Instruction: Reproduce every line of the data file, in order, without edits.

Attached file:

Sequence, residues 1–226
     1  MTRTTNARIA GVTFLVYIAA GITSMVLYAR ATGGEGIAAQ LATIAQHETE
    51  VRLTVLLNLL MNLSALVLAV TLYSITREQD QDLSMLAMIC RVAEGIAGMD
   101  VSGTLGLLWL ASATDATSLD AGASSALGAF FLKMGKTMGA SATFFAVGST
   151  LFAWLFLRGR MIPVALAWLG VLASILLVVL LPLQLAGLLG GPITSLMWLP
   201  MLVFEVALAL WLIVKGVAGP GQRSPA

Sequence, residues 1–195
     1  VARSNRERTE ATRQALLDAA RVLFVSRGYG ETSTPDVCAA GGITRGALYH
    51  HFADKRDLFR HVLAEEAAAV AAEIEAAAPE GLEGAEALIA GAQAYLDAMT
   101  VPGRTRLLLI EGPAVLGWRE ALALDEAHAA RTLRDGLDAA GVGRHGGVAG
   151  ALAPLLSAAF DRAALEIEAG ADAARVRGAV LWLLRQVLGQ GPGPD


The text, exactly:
Sequence, residues 1–226
     1  MTRTTNARIA GVTFLVYIAA GITSMVLYAR ATGGEGIAAQ LATIAQHETE
    51  VRLTVLLNLL MNLSALVLAV TLYSITREQD QDLSMLAMIC RVAEGIAGMD
   101  VSGTLGLLWL ASATDATSLD AGASSALGAF FLKMGKTMGA SATFFAVGST
   151  LFAWLFLRGR MIPVALAWLG VLASILLVVL LPLQLAGLLG GPITSLMWLP
   201  MLVFEVALAL WLIVKGVAGP GQRSPA

Sequence, residues 1–195
     1  VARSNRERTE ATRQALLDAA RVLFVSRGYG ETSTPDVCAA GGITRGALYH
    51  HFADKRDLFR HVLAEEAAAV AAEIEAAAPE GLEGAEALIA GAQAYLDAMT
   101  VPGRTRLLLI EGPAVLGWRE ALALDEAHAA RTLRDGLDAA GVGRHGGVAG
   151  ALAPLLSAAF DRAALEIEAG ADAARVRGAV LWLLRQVLGQ GPGPD